Bourse and Bazaar | Esfandyar Batmanghelidj: Iran’s long but troubled drive for privatization received a boost earlier this month. Morteza Lotfi, the recently appointed head of Iran’s Social Securities Investment Company (SHASTA), the country’s largest pension provider, announced that SHASTA would list the remaining 25%of its subsidiary companies not currently on the Tehran Stock Exchange. The move was intended to make the companies “more competitive and their financial status more transparent.”
A few weeks later, Lofti made a further announcement that SHASTA plans to sell its stake in 130 companies in a two stage process. An initial tranche of 40 companies has reportedly been prepared for this divestment. Taken together, the two announcements suggest a renewed push for privatization, taking enterprises out of the limbo of SHASTA’s quasi-state ownership in which they have largely languished.
While the market value of the proposed privatization was not given, SHASTA is known to have around 200 subsidiary companies and its holdings are cumulatively valued at USD 9 billion. On this basis, the 130 companies poised for sale could therefore have an estimated value of around USD 5.5 billion, with the caveat that the companies to be offloaded are likely the underperforming firms, with lower valuations than the portfolio average. Nonetheless, in terms of the number of companies and their likely market value, SHASTA’s move would be another historic step in Iran’s economic liberalization.
But there are reasons to doubt that SHASTA’s push for privatization will proceed as planned. SHASTA’s own holdings are a legacy of previous failures in Iran’s faltering drive to reduce state control of the economy. SHASTA’s portfolio of assets expanded most rapidly beginning 10 years ago, when privatization efforts overseen by the Ahmadinejad administration fell short in the face of political pressure, economic unpreparedness, and general mismanagement.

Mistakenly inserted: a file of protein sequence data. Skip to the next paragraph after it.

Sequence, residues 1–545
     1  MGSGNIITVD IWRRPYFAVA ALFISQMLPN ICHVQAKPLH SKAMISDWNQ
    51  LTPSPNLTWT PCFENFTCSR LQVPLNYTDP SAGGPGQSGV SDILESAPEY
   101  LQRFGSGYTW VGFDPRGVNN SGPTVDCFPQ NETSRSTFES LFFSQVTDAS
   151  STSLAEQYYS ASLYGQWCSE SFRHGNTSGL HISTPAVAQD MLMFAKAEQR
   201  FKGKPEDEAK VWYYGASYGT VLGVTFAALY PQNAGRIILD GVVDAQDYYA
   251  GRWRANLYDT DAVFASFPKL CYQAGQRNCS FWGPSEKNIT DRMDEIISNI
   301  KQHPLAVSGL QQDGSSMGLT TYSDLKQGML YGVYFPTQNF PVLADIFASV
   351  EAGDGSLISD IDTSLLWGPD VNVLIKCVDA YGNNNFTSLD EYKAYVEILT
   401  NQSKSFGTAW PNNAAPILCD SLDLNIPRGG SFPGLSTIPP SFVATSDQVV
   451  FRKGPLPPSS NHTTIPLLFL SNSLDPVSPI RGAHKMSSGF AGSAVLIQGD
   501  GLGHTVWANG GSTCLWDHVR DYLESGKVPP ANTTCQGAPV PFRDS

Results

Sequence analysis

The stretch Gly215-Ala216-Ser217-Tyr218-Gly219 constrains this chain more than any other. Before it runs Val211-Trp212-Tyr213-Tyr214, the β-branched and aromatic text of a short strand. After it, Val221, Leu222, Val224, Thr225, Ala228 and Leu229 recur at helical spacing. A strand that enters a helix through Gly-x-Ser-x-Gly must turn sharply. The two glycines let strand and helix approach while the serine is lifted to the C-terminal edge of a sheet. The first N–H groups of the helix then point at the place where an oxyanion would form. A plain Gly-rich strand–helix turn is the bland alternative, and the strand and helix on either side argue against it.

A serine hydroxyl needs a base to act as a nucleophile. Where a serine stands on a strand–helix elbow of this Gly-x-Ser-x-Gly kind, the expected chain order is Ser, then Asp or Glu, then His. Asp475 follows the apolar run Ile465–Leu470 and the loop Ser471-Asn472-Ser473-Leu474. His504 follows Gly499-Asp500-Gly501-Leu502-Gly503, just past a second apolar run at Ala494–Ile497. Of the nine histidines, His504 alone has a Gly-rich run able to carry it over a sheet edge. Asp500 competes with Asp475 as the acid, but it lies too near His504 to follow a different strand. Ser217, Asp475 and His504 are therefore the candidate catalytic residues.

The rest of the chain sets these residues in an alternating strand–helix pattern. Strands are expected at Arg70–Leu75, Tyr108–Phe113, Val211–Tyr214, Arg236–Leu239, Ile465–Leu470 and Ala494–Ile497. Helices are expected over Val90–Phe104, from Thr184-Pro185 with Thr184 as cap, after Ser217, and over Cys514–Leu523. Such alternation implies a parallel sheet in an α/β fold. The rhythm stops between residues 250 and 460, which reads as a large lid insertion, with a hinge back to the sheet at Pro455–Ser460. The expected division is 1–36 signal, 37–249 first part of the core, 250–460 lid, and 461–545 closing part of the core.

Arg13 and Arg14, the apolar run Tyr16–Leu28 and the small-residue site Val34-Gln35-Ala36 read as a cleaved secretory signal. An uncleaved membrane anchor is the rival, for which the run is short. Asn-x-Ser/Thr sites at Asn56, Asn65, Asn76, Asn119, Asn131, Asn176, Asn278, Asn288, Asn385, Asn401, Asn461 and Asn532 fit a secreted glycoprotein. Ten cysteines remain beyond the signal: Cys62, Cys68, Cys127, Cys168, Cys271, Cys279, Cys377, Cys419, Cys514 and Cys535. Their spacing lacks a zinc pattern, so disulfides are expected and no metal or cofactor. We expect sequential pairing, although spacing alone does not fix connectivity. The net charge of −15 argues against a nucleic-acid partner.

In the course of privatizations in this period, a staggeringly small percentage of the formerly state-owned assets actually passed into the true private sector. As Kevan Harris writes, citing a 2010 parliamentary commission report, “Out of seventy billion USD worth of assets of SOEs divested since 2006 only 13.5 percent of the shares had gone to the private sector.” The vast majority of assets were transferred to the control of “parastatals” and cooperatives such as SHASTA. Critics saw this privatization as merely a “relocation” of state-ownership.
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Today, the political barriers to the proposed asset sale remain strong. SHASTA is the investment arm of the Social Securities Organization, which provides healthcare entitlements and pensions benefits for a large proportion of Iran’s middle and working-class members of the labor force. SHASTA’s financial returns are intended to cover the costs of these welfare benefits, and are therefore highly politicized. As Harris explains, “Pensioners would hardly accept a selloff of SHASTA’s investment portfolio to the private sector without major guarantees of future entitlements by the state.” The Rouhani administration has committed to reducing entitlements, but given that SHASTA provides a pension to nearly 40% of the Iranian population, any major change to its portfolio could be a flash-point for opposition.